Forklifts are very handy machines for lifting and carrying heavy loads throughout a warehouse, as well as for loading and unloading cargo from large trucks. But these machines can be dangerous if not used correctly in a Missouri workplace. Injuries may likely result from improper use to both lift operators and pedestrians who walk in close proximity to an operating forklift.

Operating a forklift requires great awareness on the part of the operator. A failure to heed surroundings can lead to any number of forklift accidents and resulting injury. According to OSHA, forklifts can present several hazards that operators should account for as they drive a forklift throughout a facility.

Pedestrians

Forklift operators should permit ample room for pedestrians to clear a forklift’s path. Even if the driver believes the forklift to be visible and audible, a pedestrian could still be distracted by the noise of the facility. Some people may also not be aware of how sharp or how quickly a forklift can turn and will not give the forklift adequate space. Forklift operators should always look in the direction they are traveling, forward or behind.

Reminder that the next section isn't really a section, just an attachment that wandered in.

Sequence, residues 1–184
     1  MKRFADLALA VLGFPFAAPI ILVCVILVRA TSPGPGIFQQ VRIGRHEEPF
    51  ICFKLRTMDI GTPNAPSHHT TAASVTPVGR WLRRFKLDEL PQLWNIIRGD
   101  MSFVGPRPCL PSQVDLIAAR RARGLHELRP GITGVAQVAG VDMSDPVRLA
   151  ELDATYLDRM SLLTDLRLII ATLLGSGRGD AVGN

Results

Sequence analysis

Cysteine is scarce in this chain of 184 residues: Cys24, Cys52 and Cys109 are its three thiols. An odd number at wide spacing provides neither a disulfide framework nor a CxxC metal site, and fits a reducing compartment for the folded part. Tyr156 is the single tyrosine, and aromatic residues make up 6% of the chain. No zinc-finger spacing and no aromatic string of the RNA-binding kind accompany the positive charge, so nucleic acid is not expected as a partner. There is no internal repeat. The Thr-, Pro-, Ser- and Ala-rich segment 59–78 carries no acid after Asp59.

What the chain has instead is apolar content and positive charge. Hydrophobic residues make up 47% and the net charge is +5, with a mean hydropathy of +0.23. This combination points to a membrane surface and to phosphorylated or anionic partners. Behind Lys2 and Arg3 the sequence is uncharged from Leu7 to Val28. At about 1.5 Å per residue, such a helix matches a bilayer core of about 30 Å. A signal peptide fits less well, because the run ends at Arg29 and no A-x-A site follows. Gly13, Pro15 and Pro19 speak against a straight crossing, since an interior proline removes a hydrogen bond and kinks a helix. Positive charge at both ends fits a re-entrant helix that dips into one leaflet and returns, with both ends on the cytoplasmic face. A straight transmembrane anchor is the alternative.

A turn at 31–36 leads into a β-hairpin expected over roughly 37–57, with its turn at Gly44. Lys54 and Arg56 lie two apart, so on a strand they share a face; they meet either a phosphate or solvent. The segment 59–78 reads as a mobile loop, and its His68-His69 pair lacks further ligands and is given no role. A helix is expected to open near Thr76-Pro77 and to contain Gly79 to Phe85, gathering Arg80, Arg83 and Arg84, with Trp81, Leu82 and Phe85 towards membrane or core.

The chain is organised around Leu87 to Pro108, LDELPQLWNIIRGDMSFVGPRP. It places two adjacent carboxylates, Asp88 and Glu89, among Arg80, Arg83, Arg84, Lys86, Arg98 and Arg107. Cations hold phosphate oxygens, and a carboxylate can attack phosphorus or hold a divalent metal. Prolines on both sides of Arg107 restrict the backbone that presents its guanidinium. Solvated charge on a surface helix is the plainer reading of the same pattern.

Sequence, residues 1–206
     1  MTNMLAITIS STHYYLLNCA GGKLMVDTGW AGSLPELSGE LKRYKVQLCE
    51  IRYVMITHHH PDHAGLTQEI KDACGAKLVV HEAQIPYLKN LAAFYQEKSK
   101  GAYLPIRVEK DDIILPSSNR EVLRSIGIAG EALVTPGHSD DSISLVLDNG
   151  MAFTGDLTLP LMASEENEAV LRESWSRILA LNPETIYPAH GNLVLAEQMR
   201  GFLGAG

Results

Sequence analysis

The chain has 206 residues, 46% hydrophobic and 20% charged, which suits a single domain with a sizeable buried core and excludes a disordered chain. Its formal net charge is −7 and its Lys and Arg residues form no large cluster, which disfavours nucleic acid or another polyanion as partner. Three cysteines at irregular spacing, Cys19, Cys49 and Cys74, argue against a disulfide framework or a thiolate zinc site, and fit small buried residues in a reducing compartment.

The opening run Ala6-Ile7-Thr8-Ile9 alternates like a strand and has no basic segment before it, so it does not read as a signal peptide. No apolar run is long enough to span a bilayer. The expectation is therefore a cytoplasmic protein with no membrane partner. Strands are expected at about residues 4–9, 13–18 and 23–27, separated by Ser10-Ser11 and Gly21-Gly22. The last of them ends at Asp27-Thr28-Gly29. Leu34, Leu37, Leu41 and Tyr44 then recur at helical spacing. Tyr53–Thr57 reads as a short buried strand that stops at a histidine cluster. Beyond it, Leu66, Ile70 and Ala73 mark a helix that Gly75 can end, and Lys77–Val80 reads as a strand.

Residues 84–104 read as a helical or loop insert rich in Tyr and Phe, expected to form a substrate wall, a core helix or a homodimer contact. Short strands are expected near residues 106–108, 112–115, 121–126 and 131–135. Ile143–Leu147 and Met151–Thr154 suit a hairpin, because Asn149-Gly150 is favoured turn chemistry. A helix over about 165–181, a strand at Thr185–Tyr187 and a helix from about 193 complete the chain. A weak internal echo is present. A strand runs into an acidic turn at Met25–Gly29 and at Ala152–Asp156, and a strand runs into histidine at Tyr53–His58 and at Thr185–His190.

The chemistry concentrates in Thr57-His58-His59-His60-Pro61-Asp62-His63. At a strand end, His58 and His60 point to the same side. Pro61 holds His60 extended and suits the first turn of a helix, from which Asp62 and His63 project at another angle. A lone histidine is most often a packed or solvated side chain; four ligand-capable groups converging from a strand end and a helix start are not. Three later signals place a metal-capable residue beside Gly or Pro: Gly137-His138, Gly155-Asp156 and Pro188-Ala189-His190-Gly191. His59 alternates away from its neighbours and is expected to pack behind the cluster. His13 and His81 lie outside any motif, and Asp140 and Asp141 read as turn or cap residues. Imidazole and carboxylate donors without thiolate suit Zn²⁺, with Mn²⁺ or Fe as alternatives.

Turning

Many forklifts operate in warehouses where products are stacked on shelves. While shelf isles can permit a forklift through, an operator should not overestimate how much space that exists to make a turn. A turn that is too wide can impact a shelf or a palette of goods, which can cause materials to fall from above or the forklift to even fall over. Additionally, the tail end of the forklift swings in the opposite direction of the turn and could impact a solid object or a person.

Tipping Over

Forklifts often carry heavy loads, so drivers should be careful that the added weight does not cause the lift to tip over. Inclines, for instance, can be perilous if the forklift turns while on the incline itself. Lift drivers should make turns before they reach the incline. Also, if the incline does not have a railing or barrier, a lift could tip over the side of the incline and fall to the ground below. The Occupational Safety and Hazard website points out that 42 percent of forklift fatalities result from a lift tipping over, so preventing tip over incidents can cut down on many forklift accidents.